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The Spokesman-Review Newspaper
Spokane, Washington  Est. May 19, 1883

Marijuana initiative creates opportunity, questions

Dominic Tietge checks out the selection of merchandise Wednesday at Discount Smoke on North Division in Spokane. (Tyler Tjomsland)

Despite what the Bob Marley posters might suggest, John Kim’s family business is all about tobacco.

Cigars and hookahs. Cigarettes and lighters. Pipes shaped like dolphins, horses and motorcycles, ranging in price from $5 to $500.

But with voters this week approving Initiative 502 to legalize marijuana in Washington, Kim and his parents and siblings, who own Discount Smoke on North Division and three other smoke shops in Spokane, are starting to talk about what a legal marijuana industry could do for their business.

“There’s always a risk for a business to get into that kind of a field,” Kim said.

Especially so, he said, because the federal government hasn’t decriminalized marijuana. Without that, it won’t matter if states legalize it; the investment would be too big of a risk.

That same sticking point has law enforcement in limbo.

The initiative passed this week creates a state-run system for producing, distributing and consuming marijuana recreationally, which is expected to take up to a year to implement. Only marijuana approved through the state system will be legal, so any form of the drug until then will still be considered contraband.


Even when marijuana is available under the initiative, law enforcement and legal experts warn there will be limitations similar to those associated with alcohol.

“Although possession (may become) legal, driving while impaired always has and continues to be illegal,” said Bob Calkins, spokesman for the Washington State Patrol.

From a traffic enforcement standpoint, he said, little will change if marijuana possession is legal, because driving under its influence will still be outlawed.

While officers can obtain a search warrant to take a person’s blood to test it for drugs, they can also make arrests based on failed sobriety tests and other observed factors like erratic driving accompanied by the odor of marijuana.

Jack Driscoll, chief criminal deputy Spokane County prosecutor, said the passage of the law has several local prosecutors trying to figure out how to proceed. But, he said, one thing is certain: Nothing will change quickly.

Driscoll said he expects the state to take more than a year to set up the framework for how the law will allow residents to purchase and possess marijuana. Washington residents 21 and older can’t just start carrying small amounts of marijuana at the first of the year.

“The only thing that is legal is selling marijuana through those stores,” Driscoll said. “That will be regulated by the state. You can’t under this initiative have an ounce of marijuana that doesn’t come from a state-issued provider. You still can’t have black-market marijuana.”

The bigger question, Driscoll said, is how federal authorities will react. State regulators “have immunity under state law, but that doesn’t affect federal statutes,” he said.

Driscoll expects to meet this week with his fellow deputy prosecutors to discuss the topic.

Local concerns

On the city level, Spokane City Councilman Jon Snyder said he’s concerned that the city isn’t prepared for the major shift in the law.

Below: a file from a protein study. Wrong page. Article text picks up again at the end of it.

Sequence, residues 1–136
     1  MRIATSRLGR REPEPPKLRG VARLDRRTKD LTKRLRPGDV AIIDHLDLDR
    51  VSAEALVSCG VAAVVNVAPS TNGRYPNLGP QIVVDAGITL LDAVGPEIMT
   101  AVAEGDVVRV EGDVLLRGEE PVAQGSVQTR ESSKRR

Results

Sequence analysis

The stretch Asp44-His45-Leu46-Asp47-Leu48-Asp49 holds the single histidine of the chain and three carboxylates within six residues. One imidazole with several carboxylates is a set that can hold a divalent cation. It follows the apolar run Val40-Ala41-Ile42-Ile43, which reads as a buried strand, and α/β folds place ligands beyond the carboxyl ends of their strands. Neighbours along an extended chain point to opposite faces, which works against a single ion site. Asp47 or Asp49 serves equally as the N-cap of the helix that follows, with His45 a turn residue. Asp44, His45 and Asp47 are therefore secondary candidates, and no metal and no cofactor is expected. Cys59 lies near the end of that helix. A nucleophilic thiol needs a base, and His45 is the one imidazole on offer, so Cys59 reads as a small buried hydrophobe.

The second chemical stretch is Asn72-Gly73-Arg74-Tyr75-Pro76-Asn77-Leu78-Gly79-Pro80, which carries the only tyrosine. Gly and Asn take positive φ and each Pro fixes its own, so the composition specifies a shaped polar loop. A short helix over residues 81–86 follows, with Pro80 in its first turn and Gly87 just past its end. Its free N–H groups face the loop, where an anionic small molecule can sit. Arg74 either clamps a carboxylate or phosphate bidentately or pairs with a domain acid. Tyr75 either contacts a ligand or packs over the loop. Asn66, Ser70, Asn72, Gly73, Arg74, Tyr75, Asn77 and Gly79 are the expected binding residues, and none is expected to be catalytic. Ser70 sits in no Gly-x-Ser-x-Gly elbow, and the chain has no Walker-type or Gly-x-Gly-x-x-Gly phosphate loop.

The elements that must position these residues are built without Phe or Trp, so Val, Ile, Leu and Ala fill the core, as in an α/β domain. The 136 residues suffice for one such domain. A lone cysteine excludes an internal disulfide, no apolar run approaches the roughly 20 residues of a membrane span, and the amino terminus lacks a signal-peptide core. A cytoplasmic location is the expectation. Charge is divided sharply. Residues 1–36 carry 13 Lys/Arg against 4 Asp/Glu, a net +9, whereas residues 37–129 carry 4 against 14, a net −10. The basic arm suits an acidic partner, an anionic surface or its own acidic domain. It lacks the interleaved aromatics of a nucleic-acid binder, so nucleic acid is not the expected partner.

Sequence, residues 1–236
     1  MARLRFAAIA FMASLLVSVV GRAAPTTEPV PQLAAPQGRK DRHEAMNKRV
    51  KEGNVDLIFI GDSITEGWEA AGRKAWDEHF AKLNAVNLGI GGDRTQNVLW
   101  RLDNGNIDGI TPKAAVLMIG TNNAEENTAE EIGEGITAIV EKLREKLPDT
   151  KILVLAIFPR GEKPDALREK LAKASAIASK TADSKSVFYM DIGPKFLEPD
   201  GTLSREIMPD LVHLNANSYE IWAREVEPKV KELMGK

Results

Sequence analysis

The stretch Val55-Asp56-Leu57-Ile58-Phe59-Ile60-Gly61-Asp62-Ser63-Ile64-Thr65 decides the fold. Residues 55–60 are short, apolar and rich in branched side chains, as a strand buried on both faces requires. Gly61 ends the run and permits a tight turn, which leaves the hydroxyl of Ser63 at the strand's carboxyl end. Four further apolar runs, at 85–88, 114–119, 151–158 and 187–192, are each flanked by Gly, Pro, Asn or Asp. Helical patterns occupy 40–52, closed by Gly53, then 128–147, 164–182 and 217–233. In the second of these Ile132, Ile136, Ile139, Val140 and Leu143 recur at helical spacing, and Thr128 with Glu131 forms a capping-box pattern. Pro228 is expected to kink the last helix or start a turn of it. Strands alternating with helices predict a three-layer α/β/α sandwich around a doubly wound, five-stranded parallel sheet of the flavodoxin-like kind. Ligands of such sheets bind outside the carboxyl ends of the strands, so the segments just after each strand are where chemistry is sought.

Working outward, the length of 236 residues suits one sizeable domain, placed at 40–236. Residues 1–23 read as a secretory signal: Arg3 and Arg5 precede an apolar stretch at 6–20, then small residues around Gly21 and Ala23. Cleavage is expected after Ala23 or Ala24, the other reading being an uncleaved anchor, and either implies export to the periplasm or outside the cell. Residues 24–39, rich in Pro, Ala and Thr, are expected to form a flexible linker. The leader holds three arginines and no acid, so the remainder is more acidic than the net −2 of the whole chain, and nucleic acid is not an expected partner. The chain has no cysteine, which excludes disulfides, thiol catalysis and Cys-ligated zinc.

He’s proposing that the council form a committee to examine the law and suggest if further regulations are needed.

“It’s time to sit down with the text of the initiative and find out where the policy holes are,” he said.

Snyder, who didn’t take a public position on the initiative, said the proposal approved by voters was thoughtful but that he still has concerns about a proliferation of locations selling pot. He said the City Council should consider zoning regulations.

As a businessman, 37-year-old Kim said he believes legalizing marijuana would cut down significantly on the black market production, as well as the use of similar drugs like synthetic marijuana, which is often laced with dangerous chemicals.

“People were going that way because the natural stuff was illegal,” Kim said.

The overall economic impact would be substantial, Kim said, particularly for small businesses like his.

The industry is “going to grow, as long as they control it,” he said.

Some controls are already built into the law. For example, the initiative stipulates that those interested in producing or distributing the product pay $250 to apply for a license and then another $1,000 a year to purchase and renew the license.

Also, the businesses could not be within 1,000 feet of a school, playground or recreation center.


Allowing marijuana use does present practical challenges, however, particularly for human resources departments at companies that require drug testing.

Dave Black, a Seattle lawyer who focuses on employment law, said companies are not looking to change their policies.

“Alcohol is also lawful, has been lawful, but if you use it in contravention of your employer’s substance abuse policy, you can be disciplined,” Black said.

However, the change in the law might lead to an increase of people violating policies, he said. He encourages employers to educate their employees about company policy even when criminal charges aren’t a factor.

“Whether you can be criminally prosecuted doesn’t have a bearing on whether jobs have to put up with it,” he said.

Staff writers Jonathan Brunt and Thomas Clouse contributed to this report.